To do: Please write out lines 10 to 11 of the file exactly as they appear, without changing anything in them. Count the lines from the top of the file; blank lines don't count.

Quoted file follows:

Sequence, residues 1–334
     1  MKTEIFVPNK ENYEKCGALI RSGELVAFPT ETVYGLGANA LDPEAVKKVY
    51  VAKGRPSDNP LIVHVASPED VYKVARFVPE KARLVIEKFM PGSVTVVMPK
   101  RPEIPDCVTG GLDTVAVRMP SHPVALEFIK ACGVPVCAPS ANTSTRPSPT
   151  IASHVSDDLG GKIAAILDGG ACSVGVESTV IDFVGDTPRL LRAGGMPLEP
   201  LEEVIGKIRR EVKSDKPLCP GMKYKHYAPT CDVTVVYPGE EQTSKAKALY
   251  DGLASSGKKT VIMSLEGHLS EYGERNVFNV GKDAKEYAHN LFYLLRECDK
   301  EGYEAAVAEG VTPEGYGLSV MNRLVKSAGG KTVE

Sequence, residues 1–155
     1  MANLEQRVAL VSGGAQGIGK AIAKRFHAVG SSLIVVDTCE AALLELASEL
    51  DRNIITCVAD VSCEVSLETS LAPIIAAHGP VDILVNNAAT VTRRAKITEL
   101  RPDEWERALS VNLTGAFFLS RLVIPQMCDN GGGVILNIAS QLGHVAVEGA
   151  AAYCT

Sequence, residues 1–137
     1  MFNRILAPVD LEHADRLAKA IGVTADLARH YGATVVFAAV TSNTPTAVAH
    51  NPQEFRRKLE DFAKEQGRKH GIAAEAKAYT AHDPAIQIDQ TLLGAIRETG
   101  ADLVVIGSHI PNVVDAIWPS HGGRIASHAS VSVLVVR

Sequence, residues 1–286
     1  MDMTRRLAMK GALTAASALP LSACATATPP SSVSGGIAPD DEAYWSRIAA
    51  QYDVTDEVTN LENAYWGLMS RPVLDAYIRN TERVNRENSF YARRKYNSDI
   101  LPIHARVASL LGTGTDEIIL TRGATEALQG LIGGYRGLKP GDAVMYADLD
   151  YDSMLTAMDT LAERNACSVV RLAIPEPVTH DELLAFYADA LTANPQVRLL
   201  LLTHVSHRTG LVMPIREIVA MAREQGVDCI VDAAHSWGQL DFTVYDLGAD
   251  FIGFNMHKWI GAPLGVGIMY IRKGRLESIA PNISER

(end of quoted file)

     1  MANLEQRVAL VSGGAQGIGK AIAKRFHAVG SSLIVVDTCE AALLELASEL
    51  DRNIITCVAD VSCEVSLETS LAPIIAAHGP VDILVNNAAT VTRRAKITEL